¶ 19 In February 2013, the trial court issued its written order and granted defendant's summary judgment motion. The court found the case presented no question of material fact the driveway's defect was concealed from plaintiff and no evidence defendant "took any efforts to control or make any repairs on the subject driveway prior to the fall." It found the "evidence is undisputed in this case that the area where plaintiff fell was on a public right-of-way." It concluded as a matter of law (1) the condition was open and obvious, and (2) the de minimis rule applies based on the fact it was a rural driveway and "the speculative nature of plaintiff's testimony about the size of the alleged defect."

¶ 20 This appeal followed.


¶ 22 Plaintiff appeals, arguing the trial court erred in granting defendant's motion for summary judgment. Plaintiff argues defendant owed her a duty of care because (1) "a private landowner owes a duty of care to provide a reasonably safe means of ingress and egress from their property, " (2) defendant (a) made a promise at the time of the lease to repair the condition of the driveway and (b) voluntarily undertook to render a service to repair the driveway, (3) the condition was not open and obvious, and (4) the de minimis rule does not apply. Defendant argues she did not owe plaintiff a duty because (1) where plaintiff fell was located in a public right-of-way, (2) she had no obligation to repair or maintain the driveway, (3) the condition of the driveway was obvious and existed at the time of the lease, and (4) plaintiff "failed to produce any evidence that the broken piece of asphalt was anything other than de minimis."

¶ 23 We consider the parties' specific arguments as interrelated issues affecting a landlord's duty of care to a tenant. We address them accordingly and conclude defendant did not owe a duty of care to plaintiff.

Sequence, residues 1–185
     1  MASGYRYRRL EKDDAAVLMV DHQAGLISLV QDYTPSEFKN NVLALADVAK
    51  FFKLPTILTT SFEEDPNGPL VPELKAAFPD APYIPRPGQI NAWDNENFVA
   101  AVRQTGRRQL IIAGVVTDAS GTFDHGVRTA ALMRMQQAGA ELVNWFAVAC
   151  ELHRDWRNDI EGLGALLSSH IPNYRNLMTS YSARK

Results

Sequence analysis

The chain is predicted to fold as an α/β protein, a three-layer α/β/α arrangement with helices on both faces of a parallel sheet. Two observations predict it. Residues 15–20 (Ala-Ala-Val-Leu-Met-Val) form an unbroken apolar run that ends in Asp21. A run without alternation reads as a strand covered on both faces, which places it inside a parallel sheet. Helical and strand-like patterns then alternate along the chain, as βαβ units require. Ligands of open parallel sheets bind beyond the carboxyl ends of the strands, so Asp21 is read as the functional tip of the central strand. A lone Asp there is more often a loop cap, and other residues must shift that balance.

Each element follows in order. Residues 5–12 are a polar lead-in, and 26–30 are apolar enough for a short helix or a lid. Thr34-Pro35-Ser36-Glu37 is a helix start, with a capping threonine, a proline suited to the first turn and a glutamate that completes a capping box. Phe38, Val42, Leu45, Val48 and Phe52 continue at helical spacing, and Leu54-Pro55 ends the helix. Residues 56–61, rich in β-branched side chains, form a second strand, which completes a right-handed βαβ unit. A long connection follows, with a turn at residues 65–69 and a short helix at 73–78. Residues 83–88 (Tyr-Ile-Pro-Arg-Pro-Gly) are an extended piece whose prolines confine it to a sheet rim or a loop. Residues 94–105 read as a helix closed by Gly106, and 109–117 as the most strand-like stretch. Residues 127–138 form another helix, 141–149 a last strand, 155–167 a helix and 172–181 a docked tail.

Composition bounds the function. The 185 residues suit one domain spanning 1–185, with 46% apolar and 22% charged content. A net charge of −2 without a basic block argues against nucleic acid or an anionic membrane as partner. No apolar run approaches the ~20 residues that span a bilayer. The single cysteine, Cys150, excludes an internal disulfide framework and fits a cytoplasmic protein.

¶ 24 A. Standard of Review

¶ 25 Section 2-1005 of the Code of Civil Procedure provides summary judgment shall be granted "if the pleadings, depositions, and admissions on file, together with the affidavits, if any, show that there is no genuine issue as to any material fact and that the moving party is entitled to a judgment as a matter of law." 735 ILCS 5/2-1005 (West 2012). "The purpose of summary judgment is not to try a question of fact but simply to determine if one exists." Forsythe v. Clark USA, Inc., 224 Ill.2d 274, 280, 864 N.E.2d 227, 232 (2007). "In determining whether a genuine issue as to any material fact exists, a court must construe the pleadings, depositions, admissions, and affidavits strictly against the movant and liberally in favor of the opponent." Williams v. Manchester, 228 Ill.2d 404, 417, 888 N.E.2d 1, 9 (2008). "If the undisputed material facts could lead reasonable observers to divergent inferences, or where there is a dispute as to a material fact, summary judgment should be denied and the issue decided by the trier of fact." Forsythe, 224 Ill.2d at 280, 864 N.E.2d at 232. "If the plaintiff fails to establish any element of the cause of action, summary judgment for the defendant is proper." Williams, 228 Ill.2d at 417, 888 N.E.2d at 9. A trial court's grant of summary judgment is reviewed de novo. Id.

¶ 26 B. Elements of Negligence and Duty

¶ 27 To succeed in an action for negligence, the plaintiff must establish the defendant owed a duty to the plaintiff, the defendant breached his or her duty, and the breach proximately caused injury to the plaintiff. Choate v. Indiana Harbor Belt R.R. Co., 2012 IL 112948, ¶ 22, 980 N.E.2d 58. "In any negligence action, the court must first determine as a matter of law whether the defendant owed a duty to the plaintiff." Id. ¶ 34, 980 N.E.2d 58. In determinating whether a duty of care exists, Illinois courts typically consider: "(1) the reasonable foreseeability of injury; (2) the likelihood of injury; (3) the magnitude of the burden of guarding against injury; and (4) the consequences of placing that burden on the defendant." Wilfong v. L.J. Dodd Construction, 401 Ill.App.3d 1044, 1051-52, 930 N.E.2d 511, 519 (2010); LaFever v. Kemlite Co., 185 Ill.2d 380, 389, 706 N.E.2d 441, 446 (1998). "Absent a duty, 'no recovery by the plaintiff is possible as a matter of law.' " Choate, 2012 IL 112948, ¶ 22, 980 N.E.2d 58 (quoting Vesey v. Chicago Housing Authority, 145 Ill.2d 404, 411, 583 N.E.2d 538, 541 (1991)).